Left floating in space with no hope of rescue, he had an epiphany: do good unto others, and you will be saved. He resolved to change his ways and, as a karmic reward, he was rescued by a passing ship piloted by a young woman named Saffron. Perhaps she wasn’t the best person to set him on his new path – having a rather troubled past herself, to say the least – but with her occasional support as he makes his way across the ’verse, Early sets out to do some fixin’. One day he might even run across the Serenity again, and he’ll have some grovelling to do...
Why do we want it? He may have been left as an “Object In Space” in the final episode of Firefly , but all is not lost for Early. “Oh, I know he survived,” Joss Whedon told MoviesOnline a few years back, and all we can say is: “Yay!” Because Richard Brooks made Early magnetic to watch, philosophising like a crazy priest one minute and ruthlessly violent the next; a true renaissance man.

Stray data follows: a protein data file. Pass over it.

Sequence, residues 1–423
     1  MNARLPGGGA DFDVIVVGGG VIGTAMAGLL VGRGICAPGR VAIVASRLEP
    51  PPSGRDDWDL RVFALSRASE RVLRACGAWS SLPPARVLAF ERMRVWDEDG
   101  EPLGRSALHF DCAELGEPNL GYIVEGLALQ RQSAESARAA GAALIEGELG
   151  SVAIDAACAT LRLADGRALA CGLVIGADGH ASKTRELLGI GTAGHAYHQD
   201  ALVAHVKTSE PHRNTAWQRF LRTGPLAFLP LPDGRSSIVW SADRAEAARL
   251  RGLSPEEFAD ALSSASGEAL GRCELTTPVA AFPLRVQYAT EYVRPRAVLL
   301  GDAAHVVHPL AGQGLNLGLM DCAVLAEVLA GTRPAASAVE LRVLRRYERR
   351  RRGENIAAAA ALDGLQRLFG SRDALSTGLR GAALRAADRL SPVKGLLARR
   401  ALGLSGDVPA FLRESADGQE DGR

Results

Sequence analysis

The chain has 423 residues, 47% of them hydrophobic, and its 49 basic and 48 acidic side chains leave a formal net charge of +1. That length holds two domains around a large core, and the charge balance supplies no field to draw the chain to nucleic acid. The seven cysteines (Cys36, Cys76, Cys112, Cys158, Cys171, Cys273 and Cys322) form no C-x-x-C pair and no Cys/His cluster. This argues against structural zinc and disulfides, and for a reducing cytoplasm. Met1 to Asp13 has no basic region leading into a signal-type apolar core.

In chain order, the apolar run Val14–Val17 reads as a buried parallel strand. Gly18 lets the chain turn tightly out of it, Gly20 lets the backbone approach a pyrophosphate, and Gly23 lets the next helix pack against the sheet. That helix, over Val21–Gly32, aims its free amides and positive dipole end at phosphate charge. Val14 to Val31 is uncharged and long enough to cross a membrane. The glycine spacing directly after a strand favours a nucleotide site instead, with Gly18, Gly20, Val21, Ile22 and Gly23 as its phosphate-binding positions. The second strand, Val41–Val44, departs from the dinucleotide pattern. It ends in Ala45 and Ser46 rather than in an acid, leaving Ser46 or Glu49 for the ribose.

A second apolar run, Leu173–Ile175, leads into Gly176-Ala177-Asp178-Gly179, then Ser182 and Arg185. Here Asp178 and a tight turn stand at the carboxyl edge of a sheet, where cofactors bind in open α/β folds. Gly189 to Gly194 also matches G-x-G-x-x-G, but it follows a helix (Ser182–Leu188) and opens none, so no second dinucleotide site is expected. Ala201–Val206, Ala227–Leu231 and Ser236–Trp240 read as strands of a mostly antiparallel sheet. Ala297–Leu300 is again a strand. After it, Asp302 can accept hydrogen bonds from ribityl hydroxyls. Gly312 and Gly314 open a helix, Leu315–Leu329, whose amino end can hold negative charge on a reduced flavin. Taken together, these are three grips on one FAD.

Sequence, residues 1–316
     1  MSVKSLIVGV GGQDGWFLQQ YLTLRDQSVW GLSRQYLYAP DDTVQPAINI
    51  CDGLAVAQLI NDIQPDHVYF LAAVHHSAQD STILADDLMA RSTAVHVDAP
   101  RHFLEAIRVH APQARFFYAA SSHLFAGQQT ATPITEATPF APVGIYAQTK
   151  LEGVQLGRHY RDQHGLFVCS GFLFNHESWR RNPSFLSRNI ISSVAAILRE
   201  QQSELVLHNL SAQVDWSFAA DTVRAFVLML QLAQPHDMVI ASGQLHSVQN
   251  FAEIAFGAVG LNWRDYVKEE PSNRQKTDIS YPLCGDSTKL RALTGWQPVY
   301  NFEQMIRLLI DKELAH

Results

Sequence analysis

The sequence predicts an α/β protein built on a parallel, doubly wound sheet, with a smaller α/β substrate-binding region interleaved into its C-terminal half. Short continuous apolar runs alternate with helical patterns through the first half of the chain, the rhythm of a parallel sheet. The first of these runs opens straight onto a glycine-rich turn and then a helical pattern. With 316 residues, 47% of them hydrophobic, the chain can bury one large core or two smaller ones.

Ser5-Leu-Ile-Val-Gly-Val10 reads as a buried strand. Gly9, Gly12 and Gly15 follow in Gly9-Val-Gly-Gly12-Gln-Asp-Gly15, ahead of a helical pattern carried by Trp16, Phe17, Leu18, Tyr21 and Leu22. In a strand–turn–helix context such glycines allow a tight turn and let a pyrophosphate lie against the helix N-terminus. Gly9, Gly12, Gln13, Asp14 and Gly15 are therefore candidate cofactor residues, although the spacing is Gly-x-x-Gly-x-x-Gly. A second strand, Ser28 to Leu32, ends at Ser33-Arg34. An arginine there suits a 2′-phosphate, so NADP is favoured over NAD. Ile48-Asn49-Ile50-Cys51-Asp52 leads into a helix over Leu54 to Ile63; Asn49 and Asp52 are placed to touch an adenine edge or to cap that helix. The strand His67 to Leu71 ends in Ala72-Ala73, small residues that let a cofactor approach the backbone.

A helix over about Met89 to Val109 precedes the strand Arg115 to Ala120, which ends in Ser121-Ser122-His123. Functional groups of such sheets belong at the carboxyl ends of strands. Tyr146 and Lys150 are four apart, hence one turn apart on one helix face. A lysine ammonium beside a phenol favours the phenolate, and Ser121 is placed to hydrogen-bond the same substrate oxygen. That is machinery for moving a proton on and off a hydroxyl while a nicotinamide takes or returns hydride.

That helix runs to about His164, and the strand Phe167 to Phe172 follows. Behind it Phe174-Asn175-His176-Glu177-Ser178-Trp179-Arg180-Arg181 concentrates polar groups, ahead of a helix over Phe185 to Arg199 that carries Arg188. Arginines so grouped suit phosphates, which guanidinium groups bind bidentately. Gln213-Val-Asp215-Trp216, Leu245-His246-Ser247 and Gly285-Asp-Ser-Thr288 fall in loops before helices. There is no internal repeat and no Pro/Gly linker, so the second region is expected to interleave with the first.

He couldn’t be a hero unless he had an epiphany, of course (just ask Angel and Spike), and we can’t think of anything better than him reassessing himself while lost in space. Think of him as a reverse Gully Foyle from The Stars My Destination .
11 In Cold Blood
Spun off from: Doctor Who
Who’s in it? Madame Vastra, Jenny, Sergeant Sceptical Of The Yard, Monitoriarty